Fast ISPC Texture Compressor - Update

Download Code Sample

This article and the sample code project were written by Marc Fauconneau Dufresne at Intel Corp.

Updated 4/12/2016
This update adds support for RGBA ASTC compression.

Updated 8/26/2015
This update adds high-quality ETC1 and ASTC compression to the fast ISPC texture compression sample. For ASTC compression we only support RGB 2D LDR inputs for now. Block sizes up to 8x8 are supported (not 10x5 and 10x6). SIMD instruction sets are exploited using the  Intel SPMD Compiler. The following graph shows the performance/quality tradeoff offered compared to astcenc on the Kodak dataset with 6x6 blocks. Quality similar to astcenc's "fast" preset is achieved, but 44 times faster.

Figure 1 - Performance and quality vs. astcenc. Note the x-axis is using a logarithmic scale.


Updated 5/13/2014
This sample extends our state of the art BC7 Texture compressor with BC6H (DX11 HDR texture format) support. We use a similar approach to quick partition filtering, selection and refinement, along with an effective search strategy to take advantage of the B6CH endpoint transform. SIMD instruction sets are exploited using the Intel SPMD Compiler. Various quality/performance trade-offs are offered.

Figure 2ISPC Texture Compressor Update - 5/13/14

Original (11/5/2013)
This sample demonstrates a state of the art BC7 (DX11) Texture compressor. BC7 partitioning decisions are narrowed down in multiple stages. Final candidates are optimized using iterative endpoint refinement. All BC7 modes are supported. SIMD instruction sets are exploited using the Intel SPMD Compiler. Various quality/performance trade-offs are offered.

Figure 3 - Original ISPC Texture Compressor - 11/5/13

For more complete information about compiler optimizations, see our Optimization Notice.


Christopher M.'s picture

Hi Marc-

Thanks very much for creating this, it's been very helpful to us.

We have discovered that the compression results sometimes vary based on which SIMD instruction set is available on the processor, specifically that AVX2-compatible processors can generate different results than pre-AVX2 processors.  Is that expected?


Marcin Piaskiewicz's picture

Is there a possibility to add BC4 and BC5 formats as well?

Vatra, BogDan's picture


Thanks a lot for sharing with us this tool!

Are you consider to create a git(hub) repo, where people will be able contribute? e.g. I'd like to add linux support.

MARC F. (Intel)'s picture

Steve, thanks for the report.

The non-determinism was actually due to a bug down in ep_quant1. It'll be fixed in the next update (coming in a few days).

Steve M.'s picture

I was able to fix the non-determinism by clearing the ep[] array to zero here:

float bc7_enc_mode01237_part_fast(int qep[24], uint32 qblock[2], float block[64], int part_id, uniform int mode)
    uint32 pattern = get_pattern(part_id);
    uniform int bits = 2;  if (mode == 0 || mode == 1) bits = 3;
    uniform int pairs = 2; if (mode == 0 || mode == 2) pairs = 3;
    uniform int channels = 3; if (mode == 7) channels = 4;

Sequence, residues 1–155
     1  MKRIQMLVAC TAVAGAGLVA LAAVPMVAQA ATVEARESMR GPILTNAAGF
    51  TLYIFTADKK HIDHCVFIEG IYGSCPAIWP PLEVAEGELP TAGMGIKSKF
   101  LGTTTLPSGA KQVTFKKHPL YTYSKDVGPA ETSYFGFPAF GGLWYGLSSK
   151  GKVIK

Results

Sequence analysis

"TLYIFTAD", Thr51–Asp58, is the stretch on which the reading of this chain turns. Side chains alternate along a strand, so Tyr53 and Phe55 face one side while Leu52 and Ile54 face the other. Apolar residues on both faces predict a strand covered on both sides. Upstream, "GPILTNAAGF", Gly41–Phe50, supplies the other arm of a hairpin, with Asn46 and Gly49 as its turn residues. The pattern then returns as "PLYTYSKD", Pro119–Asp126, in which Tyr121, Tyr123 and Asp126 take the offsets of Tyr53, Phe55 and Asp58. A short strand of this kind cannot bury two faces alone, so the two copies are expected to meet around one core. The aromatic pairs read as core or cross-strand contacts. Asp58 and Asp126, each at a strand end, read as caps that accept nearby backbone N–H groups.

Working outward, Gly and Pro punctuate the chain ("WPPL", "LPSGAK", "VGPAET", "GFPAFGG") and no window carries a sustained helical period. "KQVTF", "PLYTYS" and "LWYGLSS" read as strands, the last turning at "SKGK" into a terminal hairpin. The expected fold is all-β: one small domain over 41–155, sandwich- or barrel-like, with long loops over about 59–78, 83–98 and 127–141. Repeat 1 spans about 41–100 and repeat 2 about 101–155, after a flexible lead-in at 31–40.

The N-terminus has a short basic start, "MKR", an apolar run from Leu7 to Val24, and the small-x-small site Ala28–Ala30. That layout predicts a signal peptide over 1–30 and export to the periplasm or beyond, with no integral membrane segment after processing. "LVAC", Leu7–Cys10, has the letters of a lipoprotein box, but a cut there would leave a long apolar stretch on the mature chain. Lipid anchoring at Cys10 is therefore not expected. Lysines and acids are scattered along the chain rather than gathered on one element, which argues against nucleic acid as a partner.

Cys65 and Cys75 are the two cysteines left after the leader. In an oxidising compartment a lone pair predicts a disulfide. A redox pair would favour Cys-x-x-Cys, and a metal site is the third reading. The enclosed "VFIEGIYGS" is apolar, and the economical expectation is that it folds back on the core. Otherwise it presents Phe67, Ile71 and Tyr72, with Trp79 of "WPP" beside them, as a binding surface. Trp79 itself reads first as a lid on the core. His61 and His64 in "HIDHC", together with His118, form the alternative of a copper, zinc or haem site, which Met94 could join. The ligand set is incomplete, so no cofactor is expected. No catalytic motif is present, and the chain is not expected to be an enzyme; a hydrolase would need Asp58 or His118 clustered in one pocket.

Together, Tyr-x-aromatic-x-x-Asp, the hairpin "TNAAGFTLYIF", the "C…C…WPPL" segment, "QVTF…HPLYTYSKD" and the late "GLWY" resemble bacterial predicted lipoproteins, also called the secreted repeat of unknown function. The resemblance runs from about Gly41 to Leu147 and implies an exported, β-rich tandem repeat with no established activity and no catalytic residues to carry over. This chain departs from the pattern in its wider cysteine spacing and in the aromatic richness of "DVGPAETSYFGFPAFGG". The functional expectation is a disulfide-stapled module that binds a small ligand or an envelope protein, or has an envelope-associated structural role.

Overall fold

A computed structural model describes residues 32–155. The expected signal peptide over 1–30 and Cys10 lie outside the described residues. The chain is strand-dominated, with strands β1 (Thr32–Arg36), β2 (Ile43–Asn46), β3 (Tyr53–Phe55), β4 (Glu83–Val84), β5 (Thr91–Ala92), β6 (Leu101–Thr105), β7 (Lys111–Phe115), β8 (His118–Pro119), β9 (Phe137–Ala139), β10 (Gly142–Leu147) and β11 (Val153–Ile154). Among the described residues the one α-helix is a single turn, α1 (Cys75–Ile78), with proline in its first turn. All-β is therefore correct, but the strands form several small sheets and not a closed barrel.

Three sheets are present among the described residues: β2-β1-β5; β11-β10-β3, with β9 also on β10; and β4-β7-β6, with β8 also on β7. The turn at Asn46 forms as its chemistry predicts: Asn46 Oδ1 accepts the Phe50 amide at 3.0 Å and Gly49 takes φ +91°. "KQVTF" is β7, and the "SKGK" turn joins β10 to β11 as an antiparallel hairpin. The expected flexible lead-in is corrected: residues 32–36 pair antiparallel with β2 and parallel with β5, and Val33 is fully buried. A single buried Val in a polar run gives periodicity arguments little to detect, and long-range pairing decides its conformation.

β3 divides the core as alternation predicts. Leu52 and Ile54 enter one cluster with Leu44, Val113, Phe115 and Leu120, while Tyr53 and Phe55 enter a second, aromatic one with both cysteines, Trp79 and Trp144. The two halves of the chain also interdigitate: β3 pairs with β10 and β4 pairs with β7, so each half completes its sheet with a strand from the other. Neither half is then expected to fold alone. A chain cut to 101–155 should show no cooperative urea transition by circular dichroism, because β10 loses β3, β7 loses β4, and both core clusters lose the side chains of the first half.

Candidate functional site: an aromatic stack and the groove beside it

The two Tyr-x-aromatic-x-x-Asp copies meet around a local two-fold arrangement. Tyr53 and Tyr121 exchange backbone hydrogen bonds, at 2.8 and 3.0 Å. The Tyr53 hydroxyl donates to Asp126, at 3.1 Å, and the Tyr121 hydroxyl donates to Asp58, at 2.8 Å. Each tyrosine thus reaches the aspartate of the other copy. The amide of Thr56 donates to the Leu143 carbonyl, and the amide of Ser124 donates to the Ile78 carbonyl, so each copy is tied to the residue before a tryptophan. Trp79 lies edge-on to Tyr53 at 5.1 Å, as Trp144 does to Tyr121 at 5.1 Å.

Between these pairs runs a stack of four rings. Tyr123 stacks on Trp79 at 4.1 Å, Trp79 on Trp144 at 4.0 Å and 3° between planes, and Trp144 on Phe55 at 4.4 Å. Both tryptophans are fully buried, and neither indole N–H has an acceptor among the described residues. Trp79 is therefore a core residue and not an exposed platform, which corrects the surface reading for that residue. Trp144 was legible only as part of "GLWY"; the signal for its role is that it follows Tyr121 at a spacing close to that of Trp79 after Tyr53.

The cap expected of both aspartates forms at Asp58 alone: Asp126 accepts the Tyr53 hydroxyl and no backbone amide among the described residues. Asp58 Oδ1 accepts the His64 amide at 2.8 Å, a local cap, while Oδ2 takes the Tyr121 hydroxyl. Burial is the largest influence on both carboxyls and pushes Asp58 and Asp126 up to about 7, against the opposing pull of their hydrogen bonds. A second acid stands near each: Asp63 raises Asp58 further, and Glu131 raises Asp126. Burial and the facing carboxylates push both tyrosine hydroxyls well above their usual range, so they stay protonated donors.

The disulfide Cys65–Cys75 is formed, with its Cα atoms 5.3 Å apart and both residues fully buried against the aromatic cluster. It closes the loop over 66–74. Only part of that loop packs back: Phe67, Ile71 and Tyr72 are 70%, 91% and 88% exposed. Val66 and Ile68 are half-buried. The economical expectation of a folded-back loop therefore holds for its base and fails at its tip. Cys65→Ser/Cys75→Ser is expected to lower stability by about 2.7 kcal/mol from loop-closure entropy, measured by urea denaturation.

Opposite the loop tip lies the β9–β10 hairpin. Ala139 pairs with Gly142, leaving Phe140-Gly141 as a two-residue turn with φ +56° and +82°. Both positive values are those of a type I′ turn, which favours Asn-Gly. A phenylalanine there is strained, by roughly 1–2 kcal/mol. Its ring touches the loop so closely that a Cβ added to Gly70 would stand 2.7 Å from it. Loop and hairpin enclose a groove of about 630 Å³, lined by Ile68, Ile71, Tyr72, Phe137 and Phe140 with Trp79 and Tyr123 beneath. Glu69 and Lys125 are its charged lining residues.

float ep[24];
    for ( uniform int i = 0; i < 24; i++ )
        ep[i] = 0.0f;

I found it by narrowing down the settings until I knew that mode 1 was nondeterministic. My clue from there was that block_segment_core() skips over values in the ep[] array, and that didn't look very safe, without digging too much into the rest of the algo:

    for (uniform int i=0; i<2; i++)
    for (uniform int p=0; p<channels; p++)
        ep[4*i+p] = ext[i]*axis[p]+dc[p];

I've tried to exercise the different modes with various test textures, and I haven't found any more nondeterminism.

The way I tested for nondeterminism was by allocating a 256k array off the stack, filling it with random numbers, deallocating it, then compressing the texture single-threaded, and comparing to the previous compressed results.

Hope this helps someone avoid wasting as much time as I did ;)

Steve M.'s picture

Hi, Marc! 

First of all, thanks for putting out such a useful piece of software!

I've noticed an issue with the results of the compression not being deterministic, and it's the state of the stack that affects the results. It seems like an uninitialized stack variable is being used somewhere, but I can't see where. Let me know if you'd be willing to discuss. 



Dimi C.'s picture


what dxsdk do i need to compile this?


Raja B. (Intel)'s picture

For a comparison with other compressors, check out 

chkone's picture


Personnally I directly use ispc_texcomp dll without the rest.

May be something is wrong with the archive. On line 510 of processing.cpp I have:

    // Create a shader resource view for the error texture.
    errorSRVDesc.Format = errorTexDesc.Format;
    errorSRVDesc.ViewDimension = D3D11_SRV_DIMENSION_TEXTURE2D;
    errorSRVDesc.Texture2D.MipLevels = errorTexDesc.MipLevels;
    errorSRVDesc.Texture2D.MostDetailedMip = errorTexDesc.MipLevels - 1; // <==== LINE 510
    V_RETURN(device->CreateShaderResourceView(errorTex, &errorSRVDesc, errorSRV));

When I open the solution I have diferent breakpoint already setted. It is only in my side?



Add a Comment

Have a technical question? Visit our forums. Have site or software product issues? Contact support.